With Rage, Villain director Lee Sang-il returns to the aftermath of another grisly murder

Japan-based director mines the darkest corners of the human psyche in this ensemble drama about three different groups of people and a murderer who may be among them

PUBLISHED : Monday, 07 November, 2016, 5:32pm
UPDATED : Wednesday, 09 November, 2016, 5:51pm

When the director Lee Sang-il dominated Japan’s local film awards in late 2006 and early 2007 with his breakout hit Hula Girls – a 1960s-set melodrama about a newly-formed troupe of hula dancers in the industrial city of Iwaki – few could have foreseen the masterful conviction with which his next three features delve into the darkest corners of the human psyche.

Lee’s 2010 film Villain, which garnered 15 nominations – winning five prizes – at the Japanese Academy Awards, is a relentlessly bitter romance in which a murderer runs away with a woman he just met through internet dating. After his 2013 remake of Clint Eastwood’s western Unforgiven (1992), a sombre reflection on the business of killing, Lee returns to the aftermath of another grisly crime in his latest film Rage, which contemplates the fine line between gullibility and distrust in contemporary Japan.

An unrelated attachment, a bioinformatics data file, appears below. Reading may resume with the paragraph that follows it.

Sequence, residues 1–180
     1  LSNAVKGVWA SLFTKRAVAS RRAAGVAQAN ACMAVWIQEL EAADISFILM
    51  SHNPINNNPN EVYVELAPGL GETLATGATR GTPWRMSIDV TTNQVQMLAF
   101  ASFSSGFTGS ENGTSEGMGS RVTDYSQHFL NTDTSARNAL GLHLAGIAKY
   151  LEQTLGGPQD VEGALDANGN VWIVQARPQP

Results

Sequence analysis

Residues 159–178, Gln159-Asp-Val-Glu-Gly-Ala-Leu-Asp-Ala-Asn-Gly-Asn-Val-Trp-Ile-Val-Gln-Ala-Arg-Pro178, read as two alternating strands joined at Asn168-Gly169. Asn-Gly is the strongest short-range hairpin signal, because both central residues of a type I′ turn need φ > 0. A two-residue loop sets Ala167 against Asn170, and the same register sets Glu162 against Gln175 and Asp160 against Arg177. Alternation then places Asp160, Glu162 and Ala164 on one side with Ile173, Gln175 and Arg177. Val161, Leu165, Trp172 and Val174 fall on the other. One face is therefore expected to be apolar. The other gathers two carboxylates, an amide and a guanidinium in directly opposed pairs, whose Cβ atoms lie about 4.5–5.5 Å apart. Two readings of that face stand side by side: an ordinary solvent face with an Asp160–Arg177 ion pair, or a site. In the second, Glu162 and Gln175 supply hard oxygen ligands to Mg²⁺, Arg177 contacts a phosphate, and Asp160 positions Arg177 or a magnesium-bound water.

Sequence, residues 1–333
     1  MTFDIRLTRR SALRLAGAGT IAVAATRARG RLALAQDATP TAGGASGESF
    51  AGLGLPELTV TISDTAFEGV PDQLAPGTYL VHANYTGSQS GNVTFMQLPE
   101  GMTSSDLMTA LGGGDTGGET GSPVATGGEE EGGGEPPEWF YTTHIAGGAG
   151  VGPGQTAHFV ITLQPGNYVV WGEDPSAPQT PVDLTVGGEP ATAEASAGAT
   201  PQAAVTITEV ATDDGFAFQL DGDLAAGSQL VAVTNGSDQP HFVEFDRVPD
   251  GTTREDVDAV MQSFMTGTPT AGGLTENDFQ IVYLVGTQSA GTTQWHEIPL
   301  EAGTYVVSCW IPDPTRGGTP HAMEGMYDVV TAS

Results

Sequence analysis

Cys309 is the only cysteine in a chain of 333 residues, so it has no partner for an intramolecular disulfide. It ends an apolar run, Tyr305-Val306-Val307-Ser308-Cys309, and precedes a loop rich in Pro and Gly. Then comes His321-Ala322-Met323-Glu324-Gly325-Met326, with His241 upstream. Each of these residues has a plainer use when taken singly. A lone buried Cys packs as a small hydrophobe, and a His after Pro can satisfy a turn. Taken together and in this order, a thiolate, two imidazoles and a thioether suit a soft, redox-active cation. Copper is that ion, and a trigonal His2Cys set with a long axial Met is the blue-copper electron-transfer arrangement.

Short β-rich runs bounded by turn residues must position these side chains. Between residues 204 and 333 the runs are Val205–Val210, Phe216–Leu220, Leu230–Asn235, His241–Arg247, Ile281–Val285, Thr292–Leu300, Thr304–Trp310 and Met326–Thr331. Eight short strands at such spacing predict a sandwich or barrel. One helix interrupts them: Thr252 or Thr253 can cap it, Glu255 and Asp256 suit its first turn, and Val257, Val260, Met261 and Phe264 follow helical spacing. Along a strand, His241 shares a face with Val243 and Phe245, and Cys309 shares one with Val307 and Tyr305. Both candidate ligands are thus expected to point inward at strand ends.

“My feeling is that there are many negative things happening around us that we don’t want to acknowledge, that we prefer to cover up and pretend they never happened. But these are experiences that are quite common in our lives,” says Lee, 42, at our interview during the recent Hong Kong Asian Film Festival, where Rage was presented at three sold-out screenings and the director was greeted with ample admirers queueing for selfies and autographs.